When the dust settled after the market closing MBS, which had started the day well above the closing on Tuesday had peaked at prices not seen since May 2013 and then dropped to close just above the closing price from Tuesday. Thursday morning we again saw the MBS market open well above the close from the day before, and again saw prices bounce around through the day but mostly dropping until the market closed just below where it was the day before. So while stock markets dropped hard on Wednesday and stayed pretty even on Thursday, mortgages and bonds spiked and then recovered to earlier prices.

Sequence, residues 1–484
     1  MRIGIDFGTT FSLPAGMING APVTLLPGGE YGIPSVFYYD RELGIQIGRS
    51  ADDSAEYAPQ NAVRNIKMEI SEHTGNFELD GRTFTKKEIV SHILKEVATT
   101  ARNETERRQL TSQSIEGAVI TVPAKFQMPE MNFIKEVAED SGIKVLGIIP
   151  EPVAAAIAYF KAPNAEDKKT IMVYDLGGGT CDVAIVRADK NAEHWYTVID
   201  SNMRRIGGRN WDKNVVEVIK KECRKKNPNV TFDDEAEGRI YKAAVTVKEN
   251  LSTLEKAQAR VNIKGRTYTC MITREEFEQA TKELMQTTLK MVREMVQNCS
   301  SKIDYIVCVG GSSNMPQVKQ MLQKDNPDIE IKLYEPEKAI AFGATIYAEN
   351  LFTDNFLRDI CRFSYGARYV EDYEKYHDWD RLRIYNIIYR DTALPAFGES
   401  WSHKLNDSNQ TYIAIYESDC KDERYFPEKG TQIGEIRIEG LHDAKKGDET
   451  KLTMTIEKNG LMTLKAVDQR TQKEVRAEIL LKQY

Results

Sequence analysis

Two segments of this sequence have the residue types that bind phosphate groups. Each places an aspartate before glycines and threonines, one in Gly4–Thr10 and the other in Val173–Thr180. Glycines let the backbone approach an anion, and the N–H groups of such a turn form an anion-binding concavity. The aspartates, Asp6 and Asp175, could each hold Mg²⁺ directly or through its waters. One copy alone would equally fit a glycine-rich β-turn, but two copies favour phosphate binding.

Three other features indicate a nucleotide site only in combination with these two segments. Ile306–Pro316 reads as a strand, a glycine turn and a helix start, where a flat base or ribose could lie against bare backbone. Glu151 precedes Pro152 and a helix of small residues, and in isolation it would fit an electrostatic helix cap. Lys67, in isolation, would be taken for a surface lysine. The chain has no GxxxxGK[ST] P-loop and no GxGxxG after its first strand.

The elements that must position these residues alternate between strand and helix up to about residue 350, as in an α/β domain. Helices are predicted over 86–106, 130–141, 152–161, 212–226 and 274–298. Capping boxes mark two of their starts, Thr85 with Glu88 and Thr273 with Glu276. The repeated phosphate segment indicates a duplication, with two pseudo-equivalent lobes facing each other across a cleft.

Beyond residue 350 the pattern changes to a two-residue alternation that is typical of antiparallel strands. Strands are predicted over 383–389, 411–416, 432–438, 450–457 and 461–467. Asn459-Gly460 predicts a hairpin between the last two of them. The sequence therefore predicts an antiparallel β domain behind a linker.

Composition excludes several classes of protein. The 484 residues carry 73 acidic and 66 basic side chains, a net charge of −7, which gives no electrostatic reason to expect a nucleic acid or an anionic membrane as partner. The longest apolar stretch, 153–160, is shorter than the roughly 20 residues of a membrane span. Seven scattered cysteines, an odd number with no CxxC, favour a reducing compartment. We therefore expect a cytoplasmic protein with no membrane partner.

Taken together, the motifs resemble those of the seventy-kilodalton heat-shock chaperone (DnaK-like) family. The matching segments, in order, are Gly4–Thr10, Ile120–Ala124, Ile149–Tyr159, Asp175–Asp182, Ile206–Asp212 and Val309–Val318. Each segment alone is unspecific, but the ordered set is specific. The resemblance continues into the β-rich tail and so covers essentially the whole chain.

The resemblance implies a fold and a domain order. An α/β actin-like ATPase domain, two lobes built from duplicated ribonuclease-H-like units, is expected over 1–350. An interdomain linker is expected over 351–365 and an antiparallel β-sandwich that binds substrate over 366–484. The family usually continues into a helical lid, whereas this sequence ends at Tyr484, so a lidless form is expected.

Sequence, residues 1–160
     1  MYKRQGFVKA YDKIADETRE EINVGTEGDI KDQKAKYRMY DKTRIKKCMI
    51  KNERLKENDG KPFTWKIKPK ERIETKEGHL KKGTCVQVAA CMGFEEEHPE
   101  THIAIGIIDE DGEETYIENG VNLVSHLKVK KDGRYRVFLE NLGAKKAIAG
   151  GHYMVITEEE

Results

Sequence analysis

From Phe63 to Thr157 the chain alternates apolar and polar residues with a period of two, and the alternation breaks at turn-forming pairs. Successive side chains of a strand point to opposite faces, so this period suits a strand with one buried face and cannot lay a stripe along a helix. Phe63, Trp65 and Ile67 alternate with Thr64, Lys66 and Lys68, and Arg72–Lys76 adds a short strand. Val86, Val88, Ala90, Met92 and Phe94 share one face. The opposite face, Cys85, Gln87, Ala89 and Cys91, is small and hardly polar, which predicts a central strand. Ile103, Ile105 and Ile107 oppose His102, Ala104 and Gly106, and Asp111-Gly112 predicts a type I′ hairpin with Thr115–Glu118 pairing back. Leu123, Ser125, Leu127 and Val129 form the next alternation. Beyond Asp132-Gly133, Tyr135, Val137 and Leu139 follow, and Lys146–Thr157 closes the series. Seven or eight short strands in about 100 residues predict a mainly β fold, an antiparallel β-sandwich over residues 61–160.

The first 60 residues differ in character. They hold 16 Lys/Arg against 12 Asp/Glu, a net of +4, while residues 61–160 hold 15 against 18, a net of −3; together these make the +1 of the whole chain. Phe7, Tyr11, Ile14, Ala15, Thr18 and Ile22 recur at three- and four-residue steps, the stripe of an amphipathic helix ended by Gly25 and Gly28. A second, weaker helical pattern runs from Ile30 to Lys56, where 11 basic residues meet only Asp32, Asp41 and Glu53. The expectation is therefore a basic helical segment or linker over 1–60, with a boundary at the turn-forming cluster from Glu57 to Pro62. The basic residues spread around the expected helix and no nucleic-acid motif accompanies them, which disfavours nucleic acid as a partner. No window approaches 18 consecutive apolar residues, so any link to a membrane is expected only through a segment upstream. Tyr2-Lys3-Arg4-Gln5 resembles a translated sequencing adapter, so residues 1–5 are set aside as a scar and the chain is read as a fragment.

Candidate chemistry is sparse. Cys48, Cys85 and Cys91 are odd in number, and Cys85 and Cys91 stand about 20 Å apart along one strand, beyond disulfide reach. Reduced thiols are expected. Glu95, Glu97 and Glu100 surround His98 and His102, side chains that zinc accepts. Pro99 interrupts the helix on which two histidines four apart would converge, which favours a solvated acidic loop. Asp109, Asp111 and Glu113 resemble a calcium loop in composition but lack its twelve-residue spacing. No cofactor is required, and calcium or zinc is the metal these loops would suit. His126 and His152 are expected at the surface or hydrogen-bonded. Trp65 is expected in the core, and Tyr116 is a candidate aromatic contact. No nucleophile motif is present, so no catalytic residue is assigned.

What caused the huge sell/buy in stocks/bonds? A convergence of events pushed investors to hit their sell buttons on stocks. Concern over Ebola and infected individuals travelling on commercial airlines caused those stocks to drop having a domino effect on other industries. Weakness in European economies caused concern for the impact on the U.S. economy created a “sell” mentality. Greek is once again on the radar screen as there are concerns if another bailout is needed to prevent default. Retail sales in for September were considerably weaker than expected causing concern about the health of our economy and ability for growth to be sustained. Wholesale prices in September dropped from August, another indicator for a weakening economy. And finally once the momentum of the selling took hold no one wanted to be left holding an investment that would be worth a lot less later in the day. Add all the factors up and the major indexes dropped sharply early and then scratched back to cut losses in half.